But because of two consecutive bad years for blueberries, many stopped coming, and that may have contributed to Georgia’s drop in Mexican immigrants, said Andy Lucas, a program specialist at the Georgia Farm Bureau. There were scattered reports of labor shortages this spring as onions were being picked, he said.

Georgia farmers know how much they need immigrant labor, Lucas said.

“There’s a lot of loyalty and trust in this business,” Lucas said. “You don’t go out and plant a blueberry bush or put an onion in the ground without knowing where the workers are going to come from — you’d be foolish.”

The largest drops in the Mexican-born population were in cities and suburbs, though rural areas also were affected. The Migration Policy Institute’s Selee said Los Angeles, Dallas and Houston had the largest drops among cities.

Mexican immigrants remain by far the largest immigrant group in the nation at 11.3 million, with immigrants from China a distant second at 2.8 million and India third at 2.6 million.

“It’s a significant drop, but it is still the largest immigrant group,” Selee said. “It’s still a quarter of the immigrant population, down from a third a decade ago, but it’s a very significant group. And if you count second-, third- and fourth-generation Mexican-Americans, it’s huge.”

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U.S. Charges Chinese Tech Giant Huawei, Top Executive

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WASHINGTON (AP) — The U.S. Justice Department is filing charges against Chinese tech giant Huawei.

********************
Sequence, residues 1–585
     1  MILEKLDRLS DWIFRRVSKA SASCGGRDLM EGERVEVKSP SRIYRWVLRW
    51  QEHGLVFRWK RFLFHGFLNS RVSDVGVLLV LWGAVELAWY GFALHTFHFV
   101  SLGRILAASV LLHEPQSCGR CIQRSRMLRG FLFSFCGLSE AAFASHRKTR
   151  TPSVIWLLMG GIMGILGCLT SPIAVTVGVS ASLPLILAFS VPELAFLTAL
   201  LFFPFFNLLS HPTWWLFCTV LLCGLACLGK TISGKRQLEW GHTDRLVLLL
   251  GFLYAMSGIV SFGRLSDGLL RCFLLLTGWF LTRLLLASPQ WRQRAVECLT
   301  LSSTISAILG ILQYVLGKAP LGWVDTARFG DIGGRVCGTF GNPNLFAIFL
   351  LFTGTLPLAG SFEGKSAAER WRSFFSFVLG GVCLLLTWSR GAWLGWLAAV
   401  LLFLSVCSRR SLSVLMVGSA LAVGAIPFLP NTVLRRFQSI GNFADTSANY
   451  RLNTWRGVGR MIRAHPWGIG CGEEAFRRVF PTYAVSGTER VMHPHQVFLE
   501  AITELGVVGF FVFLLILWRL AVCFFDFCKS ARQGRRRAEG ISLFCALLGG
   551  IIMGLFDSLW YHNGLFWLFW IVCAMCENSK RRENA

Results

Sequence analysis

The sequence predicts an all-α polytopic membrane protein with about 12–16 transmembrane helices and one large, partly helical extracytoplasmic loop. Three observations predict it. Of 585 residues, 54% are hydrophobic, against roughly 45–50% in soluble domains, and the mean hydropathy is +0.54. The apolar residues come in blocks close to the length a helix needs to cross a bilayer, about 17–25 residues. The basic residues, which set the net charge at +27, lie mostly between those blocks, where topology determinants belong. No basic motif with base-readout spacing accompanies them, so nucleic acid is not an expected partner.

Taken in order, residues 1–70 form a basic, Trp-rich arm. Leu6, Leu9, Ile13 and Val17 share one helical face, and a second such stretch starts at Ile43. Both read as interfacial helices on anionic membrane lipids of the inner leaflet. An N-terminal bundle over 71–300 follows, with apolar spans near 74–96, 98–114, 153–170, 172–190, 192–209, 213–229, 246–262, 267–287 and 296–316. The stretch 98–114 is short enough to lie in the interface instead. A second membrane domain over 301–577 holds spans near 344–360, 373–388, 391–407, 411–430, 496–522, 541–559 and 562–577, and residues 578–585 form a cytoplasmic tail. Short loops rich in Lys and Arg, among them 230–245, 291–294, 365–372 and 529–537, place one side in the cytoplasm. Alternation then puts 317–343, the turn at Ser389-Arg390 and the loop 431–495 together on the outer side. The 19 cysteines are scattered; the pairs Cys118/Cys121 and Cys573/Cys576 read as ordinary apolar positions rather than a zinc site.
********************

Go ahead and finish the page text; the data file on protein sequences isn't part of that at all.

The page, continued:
A 13-count indictment was unsealed Monday in New York charging Huawei, two of its affiliates and a top executive at the company.

The charges include bank fraud, conspiracy to commit wire fraud, and violating the International Emergency Economic Powers Act.

A separate case filed in Washington state charges Huawei with stealing trade secrets from T-Mobile.

Meng Wanzhou, the company’s chief financial officer, was arrested in Canada on Dec. 1. Prosecutors allege she committed fraud by misleading American banks about Huawei’s business deals in Iran.

Prosecutors charge Huawei used a Hong Kong shell company to sell equipment in Iran in violation of U.S. sanctions.

Huawei is the world’s biggest supplier of network gear used by phone and internet companies.

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24 Million Mortgage And Bank Loan Documents Leaked Online

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A trove of more than 24 million financial and banking documents, representing tens of thousands of loans and mortgages from some of the biggest banks in the U.S., has been found online after a server security lapse.

The server, running an Elasticsearch database, had more than a decade’s worth of data, containing loan and mortgage agreements, repayment schedules and other highly sensitive financial and tax documents that reveal an intimate insight into a person’s financial life.

But it wasn’t protected with a password, allowing anyone to access and read the massive cache of documents.

It’s believed that the database was only exposed for two weeks — but long enough for independent security researcher Bob Diachenko to find the data. At first glance, it wasn’t immediately known who owned the data. After we inquired with several banks whose customers information was found on the server, the database was shut down on January 15.

With help from TechCrunch, the leak was traced back to Ascension, a data and analytics company for the financial industry, based in Fort Worth, Texas. The company provides data analysis and portfolio valuations. Among its services, the Ascension converts paper documents and handwritten notes into computer-readable files — known as OCR.

It’s that bank of converted documents that was exposed, Diachenko said in his own write-up.